In 1992, a new reproductive technique was developed that was considered a breakthrough for helping many infertile men have children. Intracytoplasmic sperm injection (ICSI) uses micromanipulation technology to help men who have low sperm counts, a complete absence of sperm in their semen, a damaged or absent vas deferens, an irreversible vasectomy or any other problem causing infertility fertilize an egg.
ICSI is a technique whereby microscopic instruments are used to retrieve sperm directly from the testicles. If it is possible, though, the male provides a semen sample. However, the technique is always paired with in vitro fertilization. A woman will be given medication to help stimulate ovulation and the development of egg follicles. These mature eggs will then be retrieved and fertilized with her partner’s sperm.
During ICSI, a single retrieved sperm is drawn into a needle and directly injected into a harvested egg. As with the natural fertilization process, the egg will reseal itself after the needle has been withdrawn. The egg is now fertilized and will be left to develop for a few days before being transferred back to the woman’s uterus.
Success With ICSI
While ICSI so far seems to be the most successful treatment for men with fertility problems, the effectiveness of the technique depends upon the quality of the sperm. Even when a fertilized egg develops properly and is able to be transferred back to the women, it does not guarantee that the egg will implant itself into the uterine lining. Despite this, between 20% and 25% of couples undergoing ICSI and IVF treatment will have a live birth.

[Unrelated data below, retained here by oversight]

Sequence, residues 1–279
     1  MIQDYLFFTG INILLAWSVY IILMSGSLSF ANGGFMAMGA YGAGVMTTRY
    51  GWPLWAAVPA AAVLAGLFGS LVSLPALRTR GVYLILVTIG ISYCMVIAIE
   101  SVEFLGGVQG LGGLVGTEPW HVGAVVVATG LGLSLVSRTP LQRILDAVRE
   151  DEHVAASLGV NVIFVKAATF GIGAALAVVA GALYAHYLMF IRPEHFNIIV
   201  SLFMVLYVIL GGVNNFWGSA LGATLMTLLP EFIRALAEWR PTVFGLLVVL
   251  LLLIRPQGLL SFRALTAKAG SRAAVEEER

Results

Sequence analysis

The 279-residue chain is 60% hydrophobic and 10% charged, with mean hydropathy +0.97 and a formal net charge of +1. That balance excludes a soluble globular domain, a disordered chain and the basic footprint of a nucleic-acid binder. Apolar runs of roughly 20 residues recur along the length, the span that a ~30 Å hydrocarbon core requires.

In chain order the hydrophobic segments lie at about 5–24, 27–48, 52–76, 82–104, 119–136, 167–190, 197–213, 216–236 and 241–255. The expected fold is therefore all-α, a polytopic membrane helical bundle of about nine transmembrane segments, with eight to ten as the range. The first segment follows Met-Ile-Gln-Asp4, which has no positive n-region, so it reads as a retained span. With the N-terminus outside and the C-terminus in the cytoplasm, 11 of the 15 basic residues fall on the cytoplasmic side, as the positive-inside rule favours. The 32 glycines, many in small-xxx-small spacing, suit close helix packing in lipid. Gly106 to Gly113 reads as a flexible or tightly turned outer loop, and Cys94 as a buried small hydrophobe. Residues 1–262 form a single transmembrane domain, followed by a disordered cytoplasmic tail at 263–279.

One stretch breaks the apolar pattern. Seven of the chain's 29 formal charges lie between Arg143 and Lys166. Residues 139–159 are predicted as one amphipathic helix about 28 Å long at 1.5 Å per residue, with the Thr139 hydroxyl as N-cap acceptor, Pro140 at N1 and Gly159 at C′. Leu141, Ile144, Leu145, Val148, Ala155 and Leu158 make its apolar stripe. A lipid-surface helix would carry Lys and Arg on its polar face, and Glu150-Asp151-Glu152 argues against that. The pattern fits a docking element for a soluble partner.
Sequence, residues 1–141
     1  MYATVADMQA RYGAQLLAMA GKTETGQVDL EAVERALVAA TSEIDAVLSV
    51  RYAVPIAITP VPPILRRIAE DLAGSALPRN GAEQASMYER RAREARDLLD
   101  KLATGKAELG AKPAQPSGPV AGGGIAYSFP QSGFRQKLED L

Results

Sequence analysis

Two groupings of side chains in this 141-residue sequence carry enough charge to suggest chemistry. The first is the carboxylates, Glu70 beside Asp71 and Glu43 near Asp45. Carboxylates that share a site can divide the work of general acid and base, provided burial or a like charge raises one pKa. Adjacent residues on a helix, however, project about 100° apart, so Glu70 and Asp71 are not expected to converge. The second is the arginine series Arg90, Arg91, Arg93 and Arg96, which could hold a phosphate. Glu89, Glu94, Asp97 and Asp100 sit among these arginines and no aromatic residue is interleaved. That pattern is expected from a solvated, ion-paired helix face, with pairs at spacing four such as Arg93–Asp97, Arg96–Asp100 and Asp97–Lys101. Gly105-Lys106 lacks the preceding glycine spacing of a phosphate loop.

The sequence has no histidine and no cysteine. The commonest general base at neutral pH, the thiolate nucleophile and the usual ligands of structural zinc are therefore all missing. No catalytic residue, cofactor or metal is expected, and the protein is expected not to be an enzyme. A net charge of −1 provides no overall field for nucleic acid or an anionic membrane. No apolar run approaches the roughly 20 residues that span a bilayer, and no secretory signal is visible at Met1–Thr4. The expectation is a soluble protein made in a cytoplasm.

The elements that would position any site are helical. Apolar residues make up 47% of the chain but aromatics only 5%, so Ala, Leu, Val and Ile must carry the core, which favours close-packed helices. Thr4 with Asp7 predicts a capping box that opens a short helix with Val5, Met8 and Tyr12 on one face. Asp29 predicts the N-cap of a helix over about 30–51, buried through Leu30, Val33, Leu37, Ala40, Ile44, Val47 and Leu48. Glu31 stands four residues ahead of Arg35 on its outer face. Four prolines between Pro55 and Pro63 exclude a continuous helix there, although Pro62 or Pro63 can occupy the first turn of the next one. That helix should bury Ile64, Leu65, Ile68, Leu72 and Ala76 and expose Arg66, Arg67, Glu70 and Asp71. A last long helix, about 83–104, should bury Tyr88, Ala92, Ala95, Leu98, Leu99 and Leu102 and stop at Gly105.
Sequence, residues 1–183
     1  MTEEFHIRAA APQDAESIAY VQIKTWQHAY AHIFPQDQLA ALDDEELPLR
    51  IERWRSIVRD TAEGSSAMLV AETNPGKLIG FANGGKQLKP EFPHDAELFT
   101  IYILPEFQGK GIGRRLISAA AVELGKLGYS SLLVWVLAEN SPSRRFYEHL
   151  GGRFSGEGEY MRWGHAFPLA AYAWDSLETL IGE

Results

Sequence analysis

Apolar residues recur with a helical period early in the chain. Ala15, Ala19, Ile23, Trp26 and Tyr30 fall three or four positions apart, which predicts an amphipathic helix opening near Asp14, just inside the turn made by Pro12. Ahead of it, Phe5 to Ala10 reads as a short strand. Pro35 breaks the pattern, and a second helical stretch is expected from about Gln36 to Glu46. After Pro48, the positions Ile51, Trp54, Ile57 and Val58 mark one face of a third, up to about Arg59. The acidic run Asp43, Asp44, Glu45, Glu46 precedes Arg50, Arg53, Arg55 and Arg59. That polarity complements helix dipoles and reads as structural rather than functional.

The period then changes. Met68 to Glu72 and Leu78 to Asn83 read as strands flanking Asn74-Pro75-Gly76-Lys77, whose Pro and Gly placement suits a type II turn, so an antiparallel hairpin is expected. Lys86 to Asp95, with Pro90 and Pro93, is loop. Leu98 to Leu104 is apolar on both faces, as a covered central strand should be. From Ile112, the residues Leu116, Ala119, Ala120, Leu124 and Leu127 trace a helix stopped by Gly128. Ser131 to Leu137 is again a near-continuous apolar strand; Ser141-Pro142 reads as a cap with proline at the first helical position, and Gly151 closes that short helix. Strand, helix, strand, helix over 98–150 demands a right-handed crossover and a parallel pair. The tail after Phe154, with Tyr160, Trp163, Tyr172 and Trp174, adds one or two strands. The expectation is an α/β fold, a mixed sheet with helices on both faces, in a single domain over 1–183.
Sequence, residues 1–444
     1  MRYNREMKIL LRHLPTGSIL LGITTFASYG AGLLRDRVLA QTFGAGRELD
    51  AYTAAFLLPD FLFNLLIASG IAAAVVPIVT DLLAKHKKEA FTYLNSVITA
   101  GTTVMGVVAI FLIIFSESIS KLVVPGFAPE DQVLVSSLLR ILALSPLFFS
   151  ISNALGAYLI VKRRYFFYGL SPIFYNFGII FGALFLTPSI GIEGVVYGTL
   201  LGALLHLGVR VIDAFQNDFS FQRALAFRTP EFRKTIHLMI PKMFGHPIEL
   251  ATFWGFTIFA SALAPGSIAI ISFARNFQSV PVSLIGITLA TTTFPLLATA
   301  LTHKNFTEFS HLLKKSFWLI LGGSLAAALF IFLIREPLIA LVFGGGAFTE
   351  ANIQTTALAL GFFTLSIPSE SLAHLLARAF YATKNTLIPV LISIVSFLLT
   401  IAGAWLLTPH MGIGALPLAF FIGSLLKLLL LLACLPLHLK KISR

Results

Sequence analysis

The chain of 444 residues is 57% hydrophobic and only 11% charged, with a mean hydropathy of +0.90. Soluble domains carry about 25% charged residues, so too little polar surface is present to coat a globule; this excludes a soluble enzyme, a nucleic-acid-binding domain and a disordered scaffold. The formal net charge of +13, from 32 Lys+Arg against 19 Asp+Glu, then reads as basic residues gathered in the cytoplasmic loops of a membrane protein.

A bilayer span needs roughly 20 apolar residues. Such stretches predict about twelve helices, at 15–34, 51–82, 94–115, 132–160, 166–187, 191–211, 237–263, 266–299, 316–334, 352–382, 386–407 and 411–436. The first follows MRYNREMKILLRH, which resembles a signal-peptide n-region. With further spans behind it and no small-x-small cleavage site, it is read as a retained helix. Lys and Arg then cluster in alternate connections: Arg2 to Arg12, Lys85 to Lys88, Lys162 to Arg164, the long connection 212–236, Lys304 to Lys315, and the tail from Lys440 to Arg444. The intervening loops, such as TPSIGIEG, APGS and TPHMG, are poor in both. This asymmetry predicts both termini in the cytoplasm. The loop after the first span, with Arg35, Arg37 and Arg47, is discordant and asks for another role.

Too Good To Be True?
Although many in the medical world have hailed ICSI as a phenomenal advancement in the treatment of male infertility, there are some down sides to the technology. First, it is a relatively new procedure. As such, there is concern that children conceived through ICSI may experience more development or physical problems. Adding fuel to the fire is the fact that this technique allows any sperm to fertilize an egg, not just the strongest. Therefore, there is the possibility that congenital defects may also be passed on at a greater rate.
Since ICSI is used with IVF, there is also a better chance of a multiple pregnancy resulting along with an increased risk of an ectopic pregnancy.
The cost of ICSI may also prevent some people from using the technology. Like IVF, ICSI can range in price from $10,000 to $17,000.
Revision date: July 5, 2011
Last revised: by Janet A. Staessen, MD, PhD